The automotive industry tries hard to make the communication between a car and its owner as simple as possible. Today there are less and less dials on a dashboard; they have been replaced with messages in normal language, e.g. “Refill windshield washer reservoir”. Some modern models only have a large digital speedometer and a versatile onboard computer screen. However, there are people who are not fit for this kind of simplicity.
Among them are owners of expensive sports cars, who use these cars for their original purpose, i.e. racing. Owners of, let’s say, a Ferrari 458 Speciale or LaFerrari hybrid, must know a number of details regarding their turns and brakes. For this reason, Ferrari developed a special hardware kit and an iPad app, “Ferrari Telemetry,” which implements roughly the same concept that is utilized by Scuderia in Formula 1 races.
Some production cars now feature a #Formula1 kind of telemetryTweet
Using Telemetry, these cars’ components constantly report their status during the race, enabling a driver to use the app and discover any existing imperfections, e.g. suboptimal RPM selections or improper moments for braking. Basic information is transmitted wirelessly, but a full-scale analysis, accompanied by a dash-cam recording, is delivered by a wired iPad connected to the car. The application panels resemble many racing games of the GP kind, but there is one minor difference ― all of this happens in real life, not in a simulation.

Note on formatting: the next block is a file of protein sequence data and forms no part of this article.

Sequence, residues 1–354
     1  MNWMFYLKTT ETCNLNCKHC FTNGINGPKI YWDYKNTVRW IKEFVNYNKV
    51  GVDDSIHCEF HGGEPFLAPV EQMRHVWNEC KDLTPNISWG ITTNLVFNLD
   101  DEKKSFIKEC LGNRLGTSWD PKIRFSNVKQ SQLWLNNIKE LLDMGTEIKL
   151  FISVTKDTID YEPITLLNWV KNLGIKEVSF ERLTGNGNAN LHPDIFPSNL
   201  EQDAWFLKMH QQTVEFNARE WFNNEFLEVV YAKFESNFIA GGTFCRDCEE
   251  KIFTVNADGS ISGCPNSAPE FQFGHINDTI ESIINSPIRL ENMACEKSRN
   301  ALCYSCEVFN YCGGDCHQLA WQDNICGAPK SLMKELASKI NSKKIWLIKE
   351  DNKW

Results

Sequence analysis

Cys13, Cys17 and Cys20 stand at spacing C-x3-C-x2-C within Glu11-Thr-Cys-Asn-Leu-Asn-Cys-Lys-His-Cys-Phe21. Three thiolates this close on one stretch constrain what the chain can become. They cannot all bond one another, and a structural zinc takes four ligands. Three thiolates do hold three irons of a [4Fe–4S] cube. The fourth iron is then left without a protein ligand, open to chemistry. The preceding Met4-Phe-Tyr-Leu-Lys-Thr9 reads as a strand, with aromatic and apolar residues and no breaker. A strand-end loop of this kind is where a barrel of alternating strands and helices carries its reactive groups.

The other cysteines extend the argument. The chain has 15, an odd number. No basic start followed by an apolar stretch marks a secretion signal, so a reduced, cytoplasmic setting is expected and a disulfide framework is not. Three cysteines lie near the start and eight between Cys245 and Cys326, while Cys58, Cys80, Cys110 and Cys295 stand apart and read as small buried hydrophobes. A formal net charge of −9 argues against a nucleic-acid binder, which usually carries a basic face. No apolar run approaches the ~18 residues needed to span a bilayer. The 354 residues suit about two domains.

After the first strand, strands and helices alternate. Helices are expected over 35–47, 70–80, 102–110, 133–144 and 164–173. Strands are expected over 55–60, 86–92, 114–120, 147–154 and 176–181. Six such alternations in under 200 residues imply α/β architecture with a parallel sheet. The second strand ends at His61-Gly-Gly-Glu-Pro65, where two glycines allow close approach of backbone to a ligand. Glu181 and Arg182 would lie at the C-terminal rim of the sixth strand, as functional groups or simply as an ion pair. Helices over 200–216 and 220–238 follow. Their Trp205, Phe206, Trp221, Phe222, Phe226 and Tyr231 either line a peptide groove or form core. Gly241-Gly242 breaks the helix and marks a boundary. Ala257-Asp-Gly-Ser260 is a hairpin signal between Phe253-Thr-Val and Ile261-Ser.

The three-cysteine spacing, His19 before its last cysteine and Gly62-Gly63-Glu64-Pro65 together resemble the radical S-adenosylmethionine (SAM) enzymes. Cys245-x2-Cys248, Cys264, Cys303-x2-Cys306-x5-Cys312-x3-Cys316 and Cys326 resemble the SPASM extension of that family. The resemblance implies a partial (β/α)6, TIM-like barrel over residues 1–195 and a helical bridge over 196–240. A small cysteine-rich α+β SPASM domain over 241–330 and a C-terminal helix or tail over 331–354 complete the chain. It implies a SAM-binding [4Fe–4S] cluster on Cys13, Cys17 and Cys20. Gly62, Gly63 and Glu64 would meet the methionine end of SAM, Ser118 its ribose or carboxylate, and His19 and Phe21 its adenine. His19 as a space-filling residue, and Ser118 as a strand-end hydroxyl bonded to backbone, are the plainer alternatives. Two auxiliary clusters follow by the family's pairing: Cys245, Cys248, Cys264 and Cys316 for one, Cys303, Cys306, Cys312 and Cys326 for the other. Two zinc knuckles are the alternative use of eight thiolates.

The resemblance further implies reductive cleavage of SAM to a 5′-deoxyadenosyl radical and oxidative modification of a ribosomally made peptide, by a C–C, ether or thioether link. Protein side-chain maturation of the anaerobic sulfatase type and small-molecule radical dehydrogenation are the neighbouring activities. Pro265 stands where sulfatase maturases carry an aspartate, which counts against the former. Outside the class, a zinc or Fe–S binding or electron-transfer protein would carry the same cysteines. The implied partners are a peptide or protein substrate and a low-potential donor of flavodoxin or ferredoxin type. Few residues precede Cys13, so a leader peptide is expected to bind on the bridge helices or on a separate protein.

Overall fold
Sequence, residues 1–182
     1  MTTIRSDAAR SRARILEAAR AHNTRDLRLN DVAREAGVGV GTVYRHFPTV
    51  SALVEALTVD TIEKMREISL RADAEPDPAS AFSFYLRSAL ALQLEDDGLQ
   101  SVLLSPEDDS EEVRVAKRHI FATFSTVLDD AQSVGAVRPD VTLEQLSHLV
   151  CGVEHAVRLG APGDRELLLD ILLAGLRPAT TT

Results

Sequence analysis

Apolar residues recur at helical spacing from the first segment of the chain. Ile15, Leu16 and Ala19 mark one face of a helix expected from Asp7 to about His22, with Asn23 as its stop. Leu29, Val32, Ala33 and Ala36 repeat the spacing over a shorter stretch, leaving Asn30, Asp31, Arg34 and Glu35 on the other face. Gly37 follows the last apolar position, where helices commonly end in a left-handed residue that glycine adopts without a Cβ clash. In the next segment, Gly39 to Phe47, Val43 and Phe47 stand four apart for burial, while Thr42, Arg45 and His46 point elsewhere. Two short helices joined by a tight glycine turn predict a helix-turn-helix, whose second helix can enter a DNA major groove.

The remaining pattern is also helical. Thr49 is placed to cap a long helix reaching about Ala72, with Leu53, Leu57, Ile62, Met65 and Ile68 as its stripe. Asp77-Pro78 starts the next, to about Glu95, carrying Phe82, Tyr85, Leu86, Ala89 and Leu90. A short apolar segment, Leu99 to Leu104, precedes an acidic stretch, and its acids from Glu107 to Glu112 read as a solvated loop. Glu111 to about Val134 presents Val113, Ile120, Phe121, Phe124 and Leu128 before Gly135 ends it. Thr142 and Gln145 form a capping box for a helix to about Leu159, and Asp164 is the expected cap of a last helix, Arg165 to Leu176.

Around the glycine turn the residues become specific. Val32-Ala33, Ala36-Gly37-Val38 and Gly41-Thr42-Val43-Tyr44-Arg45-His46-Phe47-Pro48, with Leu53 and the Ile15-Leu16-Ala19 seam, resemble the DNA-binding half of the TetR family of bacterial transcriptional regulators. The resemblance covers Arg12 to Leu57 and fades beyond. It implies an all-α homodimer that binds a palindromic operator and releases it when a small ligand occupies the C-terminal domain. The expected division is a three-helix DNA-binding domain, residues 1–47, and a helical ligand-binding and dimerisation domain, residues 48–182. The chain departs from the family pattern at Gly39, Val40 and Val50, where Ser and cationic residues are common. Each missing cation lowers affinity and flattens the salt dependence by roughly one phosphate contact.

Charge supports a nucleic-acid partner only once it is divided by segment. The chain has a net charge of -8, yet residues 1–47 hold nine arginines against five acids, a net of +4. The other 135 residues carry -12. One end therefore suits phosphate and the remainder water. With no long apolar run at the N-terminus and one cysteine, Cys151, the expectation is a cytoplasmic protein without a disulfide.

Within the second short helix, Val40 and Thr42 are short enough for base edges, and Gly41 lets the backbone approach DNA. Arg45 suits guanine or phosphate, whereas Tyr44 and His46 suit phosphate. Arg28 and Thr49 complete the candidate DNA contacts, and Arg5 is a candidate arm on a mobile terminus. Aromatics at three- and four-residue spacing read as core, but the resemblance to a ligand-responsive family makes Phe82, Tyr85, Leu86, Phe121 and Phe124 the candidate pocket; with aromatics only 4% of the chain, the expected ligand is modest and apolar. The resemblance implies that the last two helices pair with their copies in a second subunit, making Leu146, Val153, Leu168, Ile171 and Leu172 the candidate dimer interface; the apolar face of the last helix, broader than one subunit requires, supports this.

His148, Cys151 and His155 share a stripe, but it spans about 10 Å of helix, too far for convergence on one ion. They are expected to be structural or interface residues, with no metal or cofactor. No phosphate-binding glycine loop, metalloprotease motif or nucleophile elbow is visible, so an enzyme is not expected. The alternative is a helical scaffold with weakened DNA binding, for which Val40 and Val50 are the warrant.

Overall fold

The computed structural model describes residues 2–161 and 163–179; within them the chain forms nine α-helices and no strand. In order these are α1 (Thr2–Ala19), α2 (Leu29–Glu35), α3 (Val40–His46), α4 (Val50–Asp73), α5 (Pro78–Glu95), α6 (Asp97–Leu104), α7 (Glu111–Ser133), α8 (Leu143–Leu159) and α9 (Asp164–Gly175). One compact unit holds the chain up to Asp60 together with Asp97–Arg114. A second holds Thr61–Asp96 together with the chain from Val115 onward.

Of course, racing in six-digit priced cars is a very exotic sport, but the telemetry side of it is actually a part of a general trend ― computers inside of any modern car are numerous and complex, and they can enable the analysis and reporting of both a car’s “health,” and a driver’s performance.
Everything mentioned here will eventually be implemented into mass-market cars. Of course they won’t bombard an owner with complex graphs, but they will send a message to his/her smartphone that reads something like, “Don’t thrust too much after the traffic light at the first crossing near home, it leads to 20% more fuel consumption.”
To avoid any encounters with the dark side of such technologies, someone should start protecting automotive computers and telemetry. In the case of Ferrari, it has already happened. According to Ferrari’s CIO, Vittorio Boero, the company has adopted the “securitization” principle used in Formula 1 telemetry, for production cars. We understand the level of F1 IT security firsthand, as Kaspersky Lab developed special solutions to protect Scuderia Ferrari computers. We can only hope that every car vendor will tackle the problem of securing cars using the same serious approach.